It’s hard to say goodbye.
Well, it’s hard for me.
I’ve never experienced a death in my family. I’ve pontificated the idea, recognizing that death is both imminent and unexpected, and that even someone so young like myself can disappear in the blink of an eye, but I’ve had the great fortune of never having to deal with those sorts of emotions that I’ve stored away; those emotions that are hidden within, the ones I know exist but fear the day they erupt inside of my heart and inevitably come out.
Unfortunately, that eruption happened to me two nights ago when I received a phone call from my dad that my dog of 15 years, Lucky, passed away.
Considering I received this call while I was in the basement of Woodruff library, I obviously wasn’t in Dallas witnessing this happen. I didn’t get to hold my baby brother in my arms as he closed his eyes into eternal sleep. I didn’t get to stand by his side while he experienced the inevitable transition of life to death. I didn’t get to kiss his furry face and cry with him. I didn’t get to say goodbye.
So now I am in a state of grief, melancholia and mourning. I find myself day dreaming in class, trying to find distractions that will help me not think about this indescribable and damning loss. But sometimes when I’m just walking around, my mind forces me to think about Lucky, to think about all of the times we had, and I just start to cry. I probably look like an idiot, but I can’t help it. These are the same emotions that I prayed I would never have to feel, though I knew one day the eruption would happen. Here’s the eruption, and it’s happening at the most inconvenient times. It might even be happening right now.
But who cares.
Because grief is personal, and losing a loved one hurts. It hurts a lot. It hurts more than I’ve ever thought possible – both physically and mentally, I feel impaired. All of these thoughts of wishing I were there back home in Dallas one last time to see him go won’t leave me be. But it’s okay to feel this way. It’s okay to feel destroyed, immobile, lost.
Maybe I want to talk about it – maybe I don’t. Maybe I want to cry under a table – maybe I don’t. I clearly want to write about it. And I want to write about it because I want everyone to know that it’s okay to let yourself feel, regardless of how those feelings and emotions are manifested.
How do you cope with suffering? I don’t know, that sounds personal. I cope by not coping – by crying, and turning into myself; by writing poems to Lucky, trying to converse with death; by talking to my friends about trivial matters so maybe for a second his beautiful face doesn’t appear in my head.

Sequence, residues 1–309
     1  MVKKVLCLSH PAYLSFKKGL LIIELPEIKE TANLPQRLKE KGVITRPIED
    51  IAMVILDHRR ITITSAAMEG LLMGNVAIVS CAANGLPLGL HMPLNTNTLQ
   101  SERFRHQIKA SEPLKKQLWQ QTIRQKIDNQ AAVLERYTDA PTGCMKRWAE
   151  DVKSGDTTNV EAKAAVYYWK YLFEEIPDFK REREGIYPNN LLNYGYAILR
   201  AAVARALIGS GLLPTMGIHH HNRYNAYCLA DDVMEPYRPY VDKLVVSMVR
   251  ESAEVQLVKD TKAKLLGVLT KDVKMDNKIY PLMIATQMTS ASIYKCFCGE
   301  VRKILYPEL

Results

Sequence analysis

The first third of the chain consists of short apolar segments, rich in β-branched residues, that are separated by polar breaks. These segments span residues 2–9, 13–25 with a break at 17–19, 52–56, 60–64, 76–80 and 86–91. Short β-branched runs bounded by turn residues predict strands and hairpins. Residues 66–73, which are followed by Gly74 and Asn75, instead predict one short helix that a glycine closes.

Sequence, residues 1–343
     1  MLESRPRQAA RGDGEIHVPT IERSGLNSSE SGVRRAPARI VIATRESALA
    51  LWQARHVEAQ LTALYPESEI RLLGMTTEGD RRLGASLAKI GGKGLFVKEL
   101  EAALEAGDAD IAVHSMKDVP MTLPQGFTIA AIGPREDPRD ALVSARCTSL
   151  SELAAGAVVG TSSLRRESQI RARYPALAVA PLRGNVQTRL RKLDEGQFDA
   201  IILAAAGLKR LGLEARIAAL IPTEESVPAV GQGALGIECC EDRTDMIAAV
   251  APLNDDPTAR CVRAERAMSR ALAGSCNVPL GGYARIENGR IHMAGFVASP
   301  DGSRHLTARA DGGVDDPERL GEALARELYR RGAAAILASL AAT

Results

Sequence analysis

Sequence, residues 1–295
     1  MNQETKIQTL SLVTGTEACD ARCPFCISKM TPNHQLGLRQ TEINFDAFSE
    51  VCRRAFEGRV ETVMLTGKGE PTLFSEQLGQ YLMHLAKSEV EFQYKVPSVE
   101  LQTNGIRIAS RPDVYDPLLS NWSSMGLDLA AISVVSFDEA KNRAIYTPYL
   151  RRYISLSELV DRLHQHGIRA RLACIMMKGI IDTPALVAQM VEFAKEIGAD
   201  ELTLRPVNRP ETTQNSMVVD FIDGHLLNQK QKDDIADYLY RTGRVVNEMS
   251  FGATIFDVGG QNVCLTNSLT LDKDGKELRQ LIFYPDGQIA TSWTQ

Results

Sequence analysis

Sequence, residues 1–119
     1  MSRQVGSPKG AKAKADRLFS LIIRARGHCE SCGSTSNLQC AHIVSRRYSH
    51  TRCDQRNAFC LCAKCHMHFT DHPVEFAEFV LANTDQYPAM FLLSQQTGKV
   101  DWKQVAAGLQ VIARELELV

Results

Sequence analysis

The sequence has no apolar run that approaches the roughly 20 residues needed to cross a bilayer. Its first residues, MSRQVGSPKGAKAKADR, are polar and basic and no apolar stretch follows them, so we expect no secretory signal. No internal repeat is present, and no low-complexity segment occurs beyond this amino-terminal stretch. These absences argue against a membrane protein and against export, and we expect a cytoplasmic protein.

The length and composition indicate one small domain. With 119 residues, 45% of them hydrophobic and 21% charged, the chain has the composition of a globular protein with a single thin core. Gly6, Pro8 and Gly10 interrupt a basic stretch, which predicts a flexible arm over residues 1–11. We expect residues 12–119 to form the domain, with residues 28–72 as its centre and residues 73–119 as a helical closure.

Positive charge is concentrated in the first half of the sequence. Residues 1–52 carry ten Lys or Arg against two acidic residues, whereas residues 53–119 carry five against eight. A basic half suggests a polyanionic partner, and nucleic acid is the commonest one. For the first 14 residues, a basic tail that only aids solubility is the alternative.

Does this sound crazy? Like I am obsessed with an animal? I hope so. Because we are all animals; Lucky was an animal. But like us, he was much more than an animal, much more than just a pet I owned. He was my little pup, my best friend, the guy I could talk to knowing he wouldn’t judge me for some of the stupid things I’ve done or said. He watched me grow up, and I watched him, too. We spent countless hours together; we felt, together.
Pets are more than objects we humans play with and care for – they are subjects who have personalities, emotions, fears. Many people, I fear, allow their anthropocentric tendencies to guide their treatment towards animals. We see this in the consumption of meat, the commodification of animals vis-a-vi beauty pageants, dog fights and cross-breading and the way we objectify living beings. We do this with humans, too – we take advantage of our relationships, and look at some solely as means to a personal end. We even take for grated those that we love most. We should instead remember that all of these beings have souls. Very stunning and intricate souls that as mere humans we try and penetrate. And with that in mind, the loss of any being that substantially impacted our lives should be treated with the same magnitude as the way we discuss and grieve over human loved ones.
How do you cope with suffering? I don’t know, that sounds personal.
For all those who have family outside of the human specimen: hold them tight, and tell them you love them every chance you get. It’s not my place to tell you how to feel when you experience loss, but just know that it’s okay to let all of the snot and tears fall from your face, to fall into a state of isolated depression, to try and punch holes in your walls. It’s okay to figure it out one day at a time.
And today, I may have figured it out a little bit more. Maybe this editorial is my form of coping – my own way of getting a little bit more closure. I’m trying to feel it out. Do you feel me?
Rest in Pleasure, Lucky. I miss you already.
Editor-in-Chief Priyanka Krishnamurthy is a College senior from Coppell, Texas.